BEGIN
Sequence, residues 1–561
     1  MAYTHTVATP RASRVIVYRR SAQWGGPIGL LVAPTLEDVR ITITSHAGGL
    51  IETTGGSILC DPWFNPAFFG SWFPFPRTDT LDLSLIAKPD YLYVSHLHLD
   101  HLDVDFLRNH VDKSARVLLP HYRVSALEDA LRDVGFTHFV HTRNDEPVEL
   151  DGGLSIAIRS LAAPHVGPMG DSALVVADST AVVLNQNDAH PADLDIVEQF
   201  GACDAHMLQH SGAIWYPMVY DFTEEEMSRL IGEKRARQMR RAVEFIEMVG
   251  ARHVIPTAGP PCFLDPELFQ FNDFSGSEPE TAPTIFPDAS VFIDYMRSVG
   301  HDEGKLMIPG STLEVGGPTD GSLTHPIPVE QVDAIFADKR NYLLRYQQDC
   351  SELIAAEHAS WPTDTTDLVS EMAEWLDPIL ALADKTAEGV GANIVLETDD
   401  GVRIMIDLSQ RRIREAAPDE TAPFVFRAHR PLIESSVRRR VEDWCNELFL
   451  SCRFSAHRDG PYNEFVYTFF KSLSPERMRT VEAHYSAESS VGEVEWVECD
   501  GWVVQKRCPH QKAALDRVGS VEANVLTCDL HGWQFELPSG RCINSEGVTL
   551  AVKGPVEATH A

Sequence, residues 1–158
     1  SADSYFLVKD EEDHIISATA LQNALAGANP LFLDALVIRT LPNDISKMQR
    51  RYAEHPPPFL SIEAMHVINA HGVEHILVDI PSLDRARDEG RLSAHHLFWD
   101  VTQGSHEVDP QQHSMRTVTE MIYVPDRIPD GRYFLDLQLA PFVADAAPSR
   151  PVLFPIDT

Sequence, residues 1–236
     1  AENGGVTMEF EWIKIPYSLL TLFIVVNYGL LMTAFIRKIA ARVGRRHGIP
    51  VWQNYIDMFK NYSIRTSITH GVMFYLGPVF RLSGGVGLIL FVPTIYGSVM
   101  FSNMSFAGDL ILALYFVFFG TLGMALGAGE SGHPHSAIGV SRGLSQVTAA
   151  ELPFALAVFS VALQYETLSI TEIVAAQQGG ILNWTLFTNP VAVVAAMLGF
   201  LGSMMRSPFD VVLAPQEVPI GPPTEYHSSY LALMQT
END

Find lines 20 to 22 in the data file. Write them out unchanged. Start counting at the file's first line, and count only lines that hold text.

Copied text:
     1  AENGGVTMEF EWIKIPYSLL TLFIVVNYGL LMTAFIRKIA ARVGRRHGIP
    51  VWQNYIDMFK NYSIRTSITH GVMFYLGPVF RLSGGVGLIL FVPTIYGSVM
   101  FSNMSFAGDL ILALYFVFFG TLGMALGAGE SGHPHSAIGV SRGLSQVTAA